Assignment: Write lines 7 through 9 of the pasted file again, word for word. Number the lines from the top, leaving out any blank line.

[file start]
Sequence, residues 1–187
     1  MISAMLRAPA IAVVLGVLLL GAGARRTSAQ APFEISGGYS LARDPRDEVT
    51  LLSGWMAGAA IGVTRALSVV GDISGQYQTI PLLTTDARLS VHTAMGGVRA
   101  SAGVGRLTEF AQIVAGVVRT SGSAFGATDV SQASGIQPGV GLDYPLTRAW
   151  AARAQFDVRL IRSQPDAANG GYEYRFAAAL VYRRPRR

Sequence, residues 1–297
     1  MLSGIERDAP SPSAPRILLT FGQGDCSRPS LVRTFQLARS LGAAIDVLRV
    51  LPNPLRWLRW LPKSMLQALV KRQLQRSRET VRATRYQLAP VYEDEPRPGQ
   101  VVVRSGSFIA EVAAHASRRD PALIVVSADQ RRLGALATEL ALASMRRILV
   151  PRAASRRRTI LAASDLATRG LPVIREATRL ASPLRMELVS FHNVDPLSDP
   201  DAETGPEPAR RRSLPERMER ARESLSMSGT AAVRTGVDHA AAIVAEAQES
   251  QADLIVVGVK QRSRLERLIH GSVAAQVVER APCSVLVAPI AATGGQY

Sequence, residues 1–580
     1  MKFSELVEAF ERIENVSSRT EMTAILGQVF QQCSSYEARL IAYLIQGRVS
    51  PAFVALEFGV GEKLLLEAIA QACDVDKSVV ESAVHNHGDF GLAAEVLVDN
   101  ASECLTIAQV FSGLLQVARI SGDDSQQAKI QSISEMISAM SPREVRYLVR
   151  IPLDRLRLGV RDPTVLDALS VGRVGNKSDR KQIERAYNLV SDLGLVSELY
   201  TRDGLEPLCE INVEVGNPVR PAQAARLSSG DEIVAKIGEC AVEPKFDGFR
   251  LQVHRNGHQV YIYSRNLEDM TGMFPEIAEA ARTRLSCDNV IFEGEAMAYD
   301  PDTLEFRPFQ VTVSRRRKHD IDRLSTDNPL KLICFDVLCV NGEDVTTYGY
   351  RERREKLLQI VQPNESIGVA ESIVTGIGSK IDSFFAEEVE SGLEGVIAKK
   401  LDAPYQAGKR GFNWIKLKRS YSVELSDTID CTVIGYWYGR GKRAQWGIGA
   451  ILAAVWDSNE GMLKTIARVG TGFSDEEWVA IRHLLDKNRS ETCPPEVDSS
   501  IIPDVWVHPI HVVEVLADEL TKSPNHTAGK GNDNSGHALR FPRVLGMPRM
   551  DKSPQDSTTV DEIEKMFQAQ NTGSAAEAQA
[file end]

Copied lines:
     1  MLSGIERDAP SPSAPRILLT FGQGDCSRPS LVRTFQLARS LGAAIDVLRV
    51  LPNPLRWLRW LPKSMLQALV KRQLQRSRET VRATRYQLAP VYEDEPRPGQ
   101  VVVRSGSFIA EVAAHASRRD PALIVVSADQ RRLGALATEL ALASMRRILV